The Hebrews distinguished between the suet or pure fat of an animal and the fat which was intermixed with the lean. ( Nehemiah 8:10 ) Certain restrictions were imposed upon them in reference to the former; some parts of the suet, viz., about the stomach, the entrails, the kidneys, and the tail of a sheep, which grows to an excessive size in many eastern countries, and produces a large quantity of rich fat, were forbidden to be eaten in the case of animals offered to Jehovah in sacrifice. ( Leviticus 3:3 Leviticus 3:9 Leviticus 3:17 ; Leviticus 7:3 Leviticus 7:23 ) The ground of the prohibition was that the fat was the richest part of the animal, and therefore belonged to him. ( Leviticus 3:16 ) The burning of the fat of sacrifices was particularly specified in each kind of offering.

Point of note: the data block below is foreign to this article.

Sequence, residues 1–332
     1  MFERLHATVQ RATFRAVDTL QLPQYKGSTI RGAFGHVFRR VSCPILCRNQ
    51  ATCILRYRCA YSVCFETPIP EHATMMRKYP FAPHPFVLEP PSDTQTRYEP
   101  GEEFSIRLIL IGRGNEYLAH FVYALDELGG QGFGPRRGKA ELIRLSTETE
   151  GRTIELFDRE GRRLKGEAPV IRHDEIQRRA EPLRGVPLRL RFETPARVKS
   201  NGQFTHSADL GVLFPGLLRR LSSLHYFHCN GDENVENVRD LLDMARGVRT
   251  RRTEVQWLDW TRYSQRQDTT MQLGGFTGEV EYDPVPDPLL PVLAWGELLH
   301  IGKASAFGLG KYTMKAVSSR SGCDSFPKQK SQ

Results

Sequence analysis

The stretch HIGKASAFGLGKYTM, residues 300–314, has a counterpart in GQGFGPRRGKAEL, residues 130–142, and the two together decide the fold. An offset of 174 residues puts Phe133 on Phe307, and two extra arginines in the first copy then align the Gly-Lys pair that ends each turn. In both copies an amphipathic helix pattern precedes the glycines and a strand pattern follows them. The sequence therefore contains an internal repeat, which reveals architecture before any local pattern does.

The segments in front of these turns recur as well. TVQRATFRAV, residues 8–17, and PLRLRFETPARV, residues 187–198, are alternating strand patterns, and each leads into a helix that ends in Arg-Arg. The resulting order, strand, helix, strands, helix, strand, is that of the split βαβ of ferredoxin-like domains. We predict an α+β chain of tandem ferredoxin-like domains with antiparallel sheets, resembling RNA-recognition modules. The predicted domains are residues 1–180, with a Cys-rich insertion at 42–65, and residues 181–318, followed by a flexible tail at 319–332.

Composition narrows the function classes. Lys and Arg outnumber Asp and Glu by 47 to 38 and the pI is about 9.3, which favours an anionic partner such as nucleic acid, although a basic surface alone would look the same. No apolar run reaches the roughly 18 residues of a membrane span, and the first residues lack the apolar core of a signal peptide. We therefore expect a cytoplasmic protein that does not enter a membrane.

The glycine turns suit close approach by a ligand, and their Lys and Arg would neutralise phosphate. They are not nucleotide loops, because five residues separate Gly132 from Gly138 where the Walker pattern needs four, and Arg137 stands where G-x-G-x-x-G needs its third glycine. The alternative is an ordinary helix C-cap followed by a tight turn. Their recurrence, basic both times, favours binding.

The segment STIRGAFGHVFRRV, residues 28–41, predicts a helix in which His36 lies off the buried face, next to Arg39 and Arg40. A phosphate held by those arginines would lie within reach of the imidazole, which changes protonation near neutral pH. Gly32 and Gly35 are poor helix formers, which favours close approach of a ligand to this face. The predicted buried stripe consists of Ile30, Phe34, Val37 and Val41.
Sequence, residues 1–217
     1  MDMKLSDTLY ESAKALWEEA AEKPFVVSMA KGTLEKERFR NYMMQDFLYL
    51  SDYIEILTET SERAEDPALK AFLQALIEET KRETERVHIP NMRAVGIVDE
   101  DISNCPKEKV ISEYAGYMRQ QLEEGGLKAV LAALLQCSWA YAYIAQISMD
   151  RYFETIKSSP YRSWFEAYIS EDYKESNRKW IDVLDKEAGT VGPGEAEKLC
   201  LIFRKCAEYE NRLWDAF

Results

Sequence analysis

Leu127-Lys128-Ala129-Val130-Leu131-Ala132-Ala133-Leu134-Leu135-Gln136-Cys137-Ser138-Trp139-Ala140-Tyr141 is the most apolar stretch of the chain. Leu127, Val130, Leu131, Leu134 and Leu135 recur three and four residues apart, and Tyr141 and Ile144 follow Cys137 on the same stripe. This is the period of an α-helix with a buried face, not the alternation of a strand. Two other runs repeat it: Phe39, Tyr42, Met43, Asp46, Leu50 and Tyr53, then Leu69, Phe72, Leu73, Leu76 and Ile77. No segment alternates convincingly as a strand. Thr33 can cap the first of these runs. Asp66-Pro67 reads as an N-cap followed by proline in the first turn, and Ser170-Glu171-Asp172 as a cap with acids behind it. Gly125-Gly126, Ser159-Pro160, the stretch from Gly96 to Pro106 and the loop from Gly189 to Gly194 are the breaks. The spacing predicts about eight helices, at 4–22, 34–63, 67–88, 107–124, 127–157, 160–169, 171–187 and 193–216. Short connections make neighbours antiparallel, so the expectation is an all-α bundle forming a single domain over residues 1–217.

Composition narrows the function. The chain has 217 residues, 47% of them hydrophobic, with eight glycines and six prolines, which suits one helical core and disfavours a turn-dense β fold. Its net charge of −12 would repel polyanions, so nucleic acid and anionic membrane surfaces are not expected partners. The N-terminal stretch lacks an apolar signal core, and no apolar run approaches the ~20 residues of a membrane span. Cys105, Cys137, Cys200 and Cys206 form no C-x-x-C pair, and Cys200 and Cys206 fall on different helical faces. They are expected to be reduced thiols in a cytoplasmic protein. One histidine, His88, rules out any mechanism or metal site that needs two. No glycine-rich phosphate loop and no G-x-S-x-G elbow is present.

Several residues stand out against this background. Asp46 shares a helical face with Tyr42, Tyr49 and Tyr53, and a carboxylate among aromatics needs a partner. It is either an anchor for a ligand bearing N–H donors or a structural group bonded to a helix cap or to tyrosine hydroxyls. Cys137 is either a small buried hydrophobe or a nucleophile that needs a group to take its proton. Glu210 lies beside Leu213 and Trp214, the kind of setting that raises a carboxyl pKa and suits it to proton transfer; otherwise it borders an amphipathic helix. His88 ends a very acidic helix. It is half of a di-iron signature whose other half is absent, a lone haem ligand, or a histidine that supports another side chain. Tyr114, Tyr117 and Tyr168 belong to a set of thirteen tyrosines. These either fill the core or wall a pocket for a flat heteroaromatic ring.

[N] indicates this entry was also found in Nave's Topical Bible
[E] indicates this entry was also found in Easton's Bible Dictionary
Bibliography InformationSmith, William, Dr. "Entry for 'Fat'". "Smith's Bible Dictionary".